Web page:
Now that the Maxwell Center is in place and open for business, and downtown Goldsboro is undergoing a kind of renaissance, it seems the county seat is poised to become a mecca of sorts.
But for whom?
The highway construction projects meant to tie Raleigh to the coast will be forced not to bypass Goldsboro. That's because there will be, ideally, enough to do here that the city and surrounding area will be a draw to outsiders.
Those who come to put on or attend the goings on at the Maxwell Center will see a thriving downtown with restaurants, shops and nightlife to rival cities of similar size or larger.
Already we see new boutiques and eateries popping up, a growing arts community and gradually more living space becoming available.
To pull this resurgence off, however, the powers that be must formulate a plan that appeals to the budding generation of the working class and offer jobs to support them.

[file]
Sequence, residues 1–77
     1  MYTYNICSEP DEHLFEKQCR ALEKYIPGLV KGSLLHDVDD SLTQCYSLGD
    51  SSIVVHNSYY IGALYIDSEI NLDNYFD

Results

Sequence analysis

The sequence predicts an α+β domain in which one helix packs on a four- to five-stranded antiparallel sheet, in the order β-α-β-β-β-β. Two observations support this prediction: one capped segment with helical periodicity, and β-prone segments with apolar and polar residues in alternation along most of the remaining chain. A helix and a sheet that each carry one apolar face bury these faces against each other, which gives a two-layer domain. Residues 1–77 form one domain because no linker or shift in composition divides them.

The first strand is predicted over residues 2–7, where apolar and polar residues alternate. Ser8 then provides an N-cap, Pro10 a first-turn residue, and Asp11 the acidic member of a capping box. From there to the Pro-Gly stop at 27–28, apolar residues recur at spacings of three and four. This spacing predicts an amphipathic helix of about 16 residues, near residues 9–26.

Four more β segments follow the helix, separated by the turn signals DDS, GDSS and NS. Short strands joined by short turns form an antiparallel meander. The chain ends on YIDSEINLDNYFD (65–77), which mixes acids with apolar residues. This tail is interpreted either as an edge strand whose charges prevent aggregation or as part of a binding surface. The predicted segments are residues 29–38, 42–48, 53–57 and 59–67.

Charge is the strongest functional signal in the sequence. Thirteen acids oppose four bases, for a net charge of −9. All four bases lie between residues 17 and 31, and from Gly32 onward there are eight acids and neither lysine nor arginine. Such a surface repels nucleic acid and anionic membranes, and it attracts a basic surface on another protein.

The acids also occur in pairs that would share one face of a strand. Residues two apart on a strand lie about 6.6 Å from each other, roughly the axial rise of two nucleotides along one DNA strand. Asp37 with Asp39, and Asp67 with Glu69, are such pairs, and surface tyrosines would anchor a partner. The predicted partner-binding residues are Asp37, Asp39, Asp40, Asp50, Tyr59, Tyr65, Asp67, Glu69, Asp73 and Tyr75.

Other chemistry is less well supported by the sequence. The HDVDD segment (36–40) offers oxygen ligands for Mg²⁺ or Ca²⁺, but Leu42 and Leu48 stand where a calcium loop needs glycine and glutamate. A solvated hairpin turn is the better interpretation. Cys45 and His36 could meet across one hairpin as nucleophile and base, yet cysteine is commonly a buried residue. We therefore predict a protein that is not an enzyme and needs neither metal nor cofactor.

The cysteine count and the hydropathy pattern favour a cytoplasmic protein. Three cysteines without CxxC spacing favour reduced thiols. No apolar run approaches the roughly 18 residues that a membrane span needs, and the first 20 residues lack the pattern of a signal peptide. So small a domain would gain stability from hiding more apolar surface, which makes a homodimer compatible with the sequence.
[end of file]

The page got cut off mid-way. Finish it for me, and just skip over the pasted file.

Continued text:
Agriculture alone isn't going to cut it. Not anymore.
That isn't to say, forget about farming. Of course not. Agriculture is and will remain our largest industry and source of revenue. But the market is ripe for new manufacturing jobs and services -- arts, marketing, software and design, tech and engineering. For Goldsboro and the surrounding area to really thrive, people need to want to live and work in this community, and it seems that some of that groundwork having been laid over the last several years is beginning to take root.
It will be interesting to see where the next five or 10 years take us.